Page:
Transforming health care through research and education.
Leveraging research and education to create a society of healthy communities, where all individuals reach their highest potential for health.
Harold I. Goldberg, MD, University of Washington
Gretchen Murphy, RHIA, MEd, University of Washington
James D. Ralston, MD, University of Washington
Allen Cheadle, PhD, University of Washington
Irl Hirsch, MD, University of Washington
Mary Alice Hanken, RHIA., PhD, CHP, University of Washington
Debra Revere, MLIS, University of Washington
With more than half of the nation’s health care dollar spent on behalf of patients with multiple chronic diseases, health care delivery systems must develop strategies that will improve their patients’ ability to manage health problems such as high blood pressure and diabetes. The Living with Diabetes Project examined the economic impact and effectiveness of two technology-based programs aimed at helping patients with type 2 diabetes manage their health.
The Living with Diabetes Project evaluated the effectiveness and economic impact of two programs created to help patients with type 2 diabetes manage their health between clinic visits. One program used a computerized diabetes registry and telephone reminder system as part of a traditional pharmacist outreach program. The other involved a Web-based diabetes care module developed by the Living with Diabetes Project. The research team also surveyed Center for Health Management Research member organizations to determine their readiness to implement the technologies necessary to support both provider-centered electronic health records functionality and patient-centered exchange of data from home.
To evaluate the economic impact of the computerized diabetes registry and telephone reminder system, researchers examined the care provided to 185 patients with diabetes who regularly used the Family Medicine Center at the University of Washington. During the three-year program conducted by the Living with Diabetes Project, the Center’s pharmacists received special training in the use of standardized diabetes treatment algorithms. They were then provided with monthly computerized reports on the diabetic patients. The reports included rates-compliance with recommended process measures (such as semi-annual HbA1c determinations and annual retinal examinations) as well as patients’ interim visit dates and corresponding HbA1c levels. With primary physicians providing oversight, pharmacists telephoned patients who were not adequately controlling their disease or who had missed important exams. They encouraged patients to make appointments, as appropriate, with their physician, a nurse educator, or a nutritionist.
Despite the difficulties inherent in reaching patients by telephone, the results of the pharmacy outreach program proved that—when combined with personal outreach—basic technology such as a computerized registry can have a positive effect on health care. The pharmacy outreach program lowered the percentage of diabetic patients with an HbA1c level of > 8% (the American Diabetic Association’s definition of “unacceptable” treatment) by 16. Because of the reduction in symptoms and complications, patients visited the Center on fewer occasions. Over the two years following the conclusion of the program, the average number of monthly ambulatory visits was reduced by 16%—an annual per-patient savings of 2.5 visits.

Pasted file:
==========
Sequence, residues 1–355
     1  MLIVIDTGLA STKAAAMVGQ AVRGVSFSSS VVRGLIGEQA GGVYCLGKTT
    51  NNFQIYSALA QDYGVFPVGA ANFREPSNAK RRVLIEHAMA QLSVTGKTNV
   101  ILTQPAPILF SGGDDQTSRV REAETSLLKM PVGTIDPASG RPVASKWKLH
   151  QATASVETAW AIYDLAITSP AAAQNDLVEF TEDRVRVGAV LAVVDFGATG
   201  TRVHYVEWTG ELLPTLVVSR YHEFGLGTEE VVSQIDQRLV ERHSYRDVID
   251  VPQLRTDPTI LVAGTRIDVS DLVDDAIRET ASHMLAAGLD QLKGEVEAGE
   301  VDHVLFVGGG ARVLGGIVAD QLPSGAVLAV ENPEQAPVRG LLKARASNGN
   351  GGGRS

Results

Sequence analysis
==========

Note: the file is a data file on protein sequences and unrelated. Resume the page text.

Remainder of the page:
Following the pharmacist outreach program study, researchers with the Living with Diabetes Project developed a Web-based diabetes care module that tested the feasibility of allowing patients to co-manage their disease from home. With nurse-practitioner case managers reviewing all information weekly, the disease-management module enabled patients to:
Finally, the Living With Diabetes Project surveyed Center for Health Management Research member organizations to asses information technology and security readiness for both traditional provider-centered electronic health records functionality and patient-centered exchange of data from home in between office visits. Results indicated that members are developing the computer infrastructures necessary for implementing electronic health records, but only a few are ready to host an Internet-based chronic disease management application. Although findings by the Living With Diabetes Project make a strong case for the adoption of Internet co-management programs, fewer than half of member organizations are working to bring technology to managing diabetes care. Still, more than half of those surveyed reported a readiness to adopt one of the key premises of the project–enhanced patient role in their own care.
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